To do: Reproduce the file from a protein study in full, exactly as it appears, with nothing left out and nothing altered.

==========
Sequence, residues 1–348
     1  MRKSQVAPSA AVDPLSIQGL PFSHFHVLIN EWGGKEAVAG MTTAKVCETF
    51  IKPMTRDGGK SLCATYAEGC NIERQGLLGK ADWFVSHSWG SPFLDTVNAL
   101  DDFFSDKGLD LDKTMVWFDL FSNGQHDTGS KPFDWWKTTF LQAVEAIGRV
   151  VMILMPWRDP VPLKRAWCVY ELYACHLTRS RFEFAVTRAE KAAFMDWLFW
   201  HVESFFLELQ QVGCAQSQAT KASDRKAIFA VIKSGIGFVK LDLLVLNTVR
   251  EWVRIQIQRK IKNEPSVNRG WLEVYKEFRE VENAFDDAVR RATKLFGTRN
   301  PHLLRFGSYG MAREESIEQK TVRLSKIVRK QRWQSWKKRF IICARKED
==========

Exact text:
Sequence, residues 1–348
     1  MRKSQVAPSA AVDPLSIQGL PFSHFHVLIN EWGGKEAVAG MTTAKVCETF
    51  IKPMTRDGGK SLCATYAEGC NIERQGLLGK ADWFVSHSWG SPFLDTVNAL
   101  DDFFSDKGLD LDKTMVWFDL FSNGQHDTGS KPFDWWKTTF LQAVEAIGRV
   151  VMILMPWRDP VPLKRAWCVY ELYACHLTRS RFEFAVTRAE KAAFMDWLFW
   201  HVESFFLELQ QVGCAQSQAT KASDRKAIFA VIKSGIGFVK LDLLVLNTVR
   251  EWVRIQIQRK IKNEPSVNRG WLEVYKEFRE VENAFDDAVR RATKLFGTRN
   301  PHLLRFGSYG MAREESIEQK TVRLSKIVRK QRWQSWKKRF IICARKED